Alexey Pajitnov must be an incredibly rich man by now. But, employed by the Soviet government, it wasn’t until he formed The Tetris Company with Henk Rogers in 1996 that he began to receive royalties for his addictive tile-matching puzzle creation. It’s been 30 years since Tetris burst on the scene in the Soviet Union in 1984, and, having long surpassed 170 million copies sold, Ubisoft take a turn to bring their own distinct flavour to refresh the tried-and-tested formula.
“It’s more than a game. It’s Tetris,” makes for an awkward slogan in an age where its casual-orientated marketing targets an audience that will primarily play in multi-minute bursts. But, in Tetris Ultimate, Ubisoft try their very best to deliver what they hope will be seen as the definitive modern version of what is still widely seen as a timeless classic.
At its core, there is little that most won’t already know. Players are placed in control of queued Tetriminos that fall one at a time from atop the screen, tumbling into the confines of a rectangular matrix. These can be moved and rotated as you look to snuggly align them into complete rows, which, once complete, will be cleared and score you points for your efforts. Success will see you progress through difficulty levels, steadily speeding up the rate that they drop and requiring you to think increasingly quickly to avoid being greeted by the Game Over screen.
That’s the classic mode, now referred to as Marathon, but Tetris Ultimate presents plenty of other choices. Basic modes continue to encompass Endless which is the same as Marathon but without a level limit, Sprint where you must clear 40 lines in the shortest time possible, and Ultra that challenges you to score as many points as you can within 3 minutes. The differentiation between one another may seem basic, but you’ll welcome the chance to test your brain and responsiveness in different ways.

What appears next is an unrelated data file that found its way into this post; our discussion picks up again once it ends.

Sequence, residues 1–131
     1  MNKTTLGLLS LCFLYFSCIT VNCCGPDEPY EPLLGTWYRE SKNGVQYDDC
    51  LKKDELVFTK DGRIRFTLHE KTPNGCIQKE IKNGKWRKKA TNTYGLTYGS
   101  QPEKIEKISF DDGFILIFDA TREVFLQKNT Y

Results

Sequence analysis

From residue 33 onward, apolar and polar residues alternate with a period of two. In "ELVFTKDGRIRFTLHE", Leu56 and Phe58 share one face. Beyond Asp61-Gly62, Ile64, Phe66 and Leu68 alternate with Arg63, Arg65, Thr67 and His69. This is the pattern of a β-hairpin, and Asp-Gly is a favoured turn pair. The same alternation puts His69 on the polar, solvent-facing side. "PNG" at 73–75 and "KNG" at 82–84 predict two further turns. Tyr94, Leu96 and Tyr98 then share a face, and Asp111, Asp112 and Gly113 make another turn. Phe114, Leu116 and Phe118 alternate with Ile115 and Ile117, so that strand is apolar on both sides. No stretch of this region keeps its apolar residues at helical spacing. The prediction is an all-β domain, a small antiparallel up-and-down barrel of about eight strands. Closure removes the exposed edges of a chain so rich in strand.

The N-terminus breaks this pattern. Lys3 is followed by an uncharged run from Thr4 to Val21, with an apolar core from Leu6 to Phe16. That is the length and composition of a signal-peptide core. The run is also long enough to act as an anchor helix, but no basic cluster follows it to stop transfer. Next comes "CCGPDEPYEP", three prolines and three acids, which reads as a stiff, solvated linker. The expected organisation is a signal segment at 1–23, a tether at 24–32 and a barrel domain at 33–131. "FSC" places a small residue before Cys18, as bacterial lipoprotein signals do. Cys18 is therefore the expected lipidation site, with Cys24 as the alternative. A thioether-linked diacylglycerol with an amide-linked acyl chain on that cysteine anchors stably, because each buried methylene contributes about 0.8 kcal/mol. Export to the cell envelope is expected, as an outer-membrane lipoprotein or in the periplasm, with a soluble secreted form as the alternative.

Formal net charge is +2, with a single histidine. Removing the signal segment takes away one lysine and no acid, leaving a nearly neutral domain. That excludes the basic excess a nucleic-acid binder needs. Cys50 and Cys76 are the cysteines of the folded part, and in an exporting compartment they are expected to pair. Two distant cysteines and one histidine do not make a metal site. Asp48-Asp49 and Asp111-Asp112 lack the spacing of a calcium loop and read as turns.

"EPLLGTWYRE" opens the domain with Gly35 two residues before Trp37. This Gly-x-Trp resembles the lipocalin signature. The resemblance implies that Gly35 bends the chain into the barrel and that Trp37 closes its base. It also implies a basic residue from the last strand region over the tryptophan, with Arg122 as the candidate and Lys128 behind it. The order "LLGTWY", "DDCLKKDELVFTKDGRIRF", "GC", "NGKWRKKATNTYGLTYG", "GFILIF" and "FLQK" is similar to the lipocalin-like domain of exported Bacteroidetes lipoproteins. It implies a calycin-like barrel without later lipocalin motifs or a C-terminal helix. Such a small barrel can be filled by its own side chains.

This is extended by Battle and Battle Ultimate, squaring you off against opponents where by clearing lines you will endanger others by sending them to fill up their matrix. The Ultimate variant sprinkles power-ups such as Whirlpool, Clone and Carousel that shift Tetronimos, make them tumble, and copy them across to the other player’s matrix.
Competitive Tetris works well, so it’s great that these Basic and Battle modes can be played against others locally and online. In the online arena, players can choose between Quick Play, Friends Play and Community Play depending on whether you want to be matched with anyone worldwide, those on your Friend List, or any user-created community that you have joined. Finding matches is quick and painless, while leaderboards are a welcome addition – allowing you to compare your scores across each mode with others worldwide.
The Nintendo 3DS version is treated to exclusive Challenge Modes, although these are only playable solo. There are four to test yourself with, where Rotation Lock sees Tetronimos appear with fixed facings, Invisible making them disappear as they are locked in place, Escalation challenging you to clear an increasing number of lines to progress, and Master where they descend to the bottom of the matrix as soon as they emerge. Extra content’s always welcome.
While not strong enough to dethrone the triumphs achieved by Tetris DS, Tetris Ultimate is a comprehensive take on the classic that promises to occupy you for hours on end.